Tuesday, December 30, 2008

Instead of birthday presents...

My birthday is coming up and I thought it might be fun to do something different and get arrested this year. Ok, maybe not really arrested but hopefully raise a little money for charity. Don't worry, I will still have Birthday Month so save January 6th for dinner out and/or January 10th for something fun and different (I hope).

See below to find out how to donate and thanks for your support.

I'm proud to tell you that I'm being locked up...that's right, I'm going behind bars to help Jerry's Kids
© and MDA. To be released on good behavior I have to raise bail and I need your help!

All you have to do is click here to make a secure, online donation before
01/14/09. Your donation will help families living in our community and help guarantee me an early release. I can't wait to add you to my list of contributors.

Thanks in advance for your help.

If the link above does not work, please cut and paste the address below into the address bar of your Internet browser.

Monday, December 29, 2008

Typos and other errors

I usually save each blog post for a day so that I can go in and proofread it before publishing it. Unfortunately, I sometimes hit the "publish post" button instead of the "save as draft" button instead.

If it wouldn't cause the post to be published in everyone's blog reader multiple times I would be tempted to go in and fix a few errors in that last post.....and maybe finish it:)


When I first started blogging couple of years ago various friends asked why on earth I would bother. I answered that my motivation was primarily to keep track of this monstrous pile of books I needed to read and, more importantly, so my out-of-town friends (most notably a good friend who moved to Switzerland) could keep up with my life and get to see a quirky side of me that my introvert side doesn't tend to let loose in public. The response at the time was that blogging sounded like a self-indulgent and narcissistic way of blathering on about myself.

Lately, I have been seeing the same kinds of arguments come up when bloggers talk about twittering. My point two years ago was, you don't have to have a blog or even read mine. Just accept that it makes me happy and gives a few friends (and my mother) pleasure.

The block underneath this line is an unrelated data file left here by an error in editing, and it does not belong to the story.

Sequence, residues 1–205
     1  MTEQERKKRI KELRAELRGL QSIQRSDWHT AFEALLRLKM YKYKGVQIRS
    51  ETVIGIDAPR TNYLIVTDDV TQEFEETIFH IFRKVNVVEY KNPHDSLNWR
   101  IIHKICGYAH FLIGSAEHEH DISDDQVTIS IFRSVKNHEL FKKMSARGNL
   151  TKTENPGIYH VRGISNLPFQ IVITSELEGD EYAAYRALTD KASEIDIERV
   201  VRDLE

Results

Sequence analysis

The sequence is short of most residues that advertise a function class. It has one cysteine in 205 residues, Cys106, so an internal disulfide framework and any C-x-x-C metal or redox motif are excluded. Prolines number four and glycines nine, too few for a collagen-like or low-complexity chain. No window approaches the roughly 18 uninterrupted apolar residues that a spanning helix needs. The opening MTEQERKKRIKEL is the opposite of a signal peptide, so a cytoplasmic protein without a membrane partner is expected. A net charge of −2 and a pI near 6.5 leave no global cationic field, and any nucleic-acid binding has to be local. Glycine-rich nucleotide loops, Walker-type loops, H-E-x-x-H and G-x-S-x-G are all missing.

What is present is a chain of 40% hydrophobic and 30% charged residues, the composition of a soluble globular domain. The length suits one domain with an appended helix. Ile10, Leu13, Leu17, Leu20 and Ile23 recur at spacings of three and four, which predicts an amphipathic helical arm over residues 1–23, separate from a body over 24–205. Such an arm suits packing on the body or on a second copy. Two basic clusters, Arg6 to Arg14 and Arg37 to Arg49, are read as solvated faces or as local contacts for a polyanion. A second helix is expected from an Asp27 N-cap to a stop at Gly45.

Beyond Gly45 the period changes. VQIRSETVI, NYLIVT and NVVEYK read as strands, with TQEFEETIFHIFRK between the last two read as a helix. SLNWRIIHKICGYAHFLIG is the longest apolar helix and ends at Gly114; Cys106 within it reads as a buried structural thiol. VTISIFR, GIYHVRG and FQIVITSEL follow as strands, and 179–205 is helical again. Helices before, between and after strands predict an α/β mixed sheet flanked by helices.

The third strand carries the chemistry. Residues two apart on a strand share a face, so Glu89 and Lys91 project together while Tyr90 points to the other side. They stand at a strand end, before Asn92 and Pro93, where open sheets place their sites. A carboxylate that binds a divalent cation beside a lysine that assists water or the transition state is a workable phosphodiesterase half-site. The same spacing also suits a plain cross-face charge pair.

Twitter is the same for me. I have met so many awesome Kansas City people who are not bloggers or who don't participate in the local blogger community on twitter. Unlike many of my new friends who are in the media fields, I don't treat it as a micro-blogging or marketing tool but tend to think of it as being able to text all my friends at one time with the random tidbits that pop into my mind and once again (hopefully) allow my old and new friends to get a glimpse of my quirkier side.

Saturday, December 27, 2008

Books for the family

It should come as no surprise I give books as gifts. Shocking, isn't it. Luckily, the people on my gift list also like to read.

See, my whole family consists of bookworms. In case you are interested, Dad is reading Team of Rivals by Doris Kearns Goodwin and my Nephew is reading 1984 by George Orwell.

Anyway, I thought it would be fun to list the books I gave to different family members this year. This will also serve as a reminder so that I don't get them the same book again next year. Not that I would ever do that.....

Dad likes American history best but I can never resist an autographed novel:
Escape by Robert K Tanenbaum (autographed)
Bob Schieffer's America by Bob Schieffer

Mom likes a little bit of everything:
Remembrance of Murders Past by Noreen Wald - mystery paperback stocking stuffer
Shifting Calder Wind by Janet Dailey - romance paperback stocking stuffer
Captive by Joan Johnston - romance paperback stocking stuffer
Dark Angel by Karen Harper - romantic suspense paperback stocking stuffer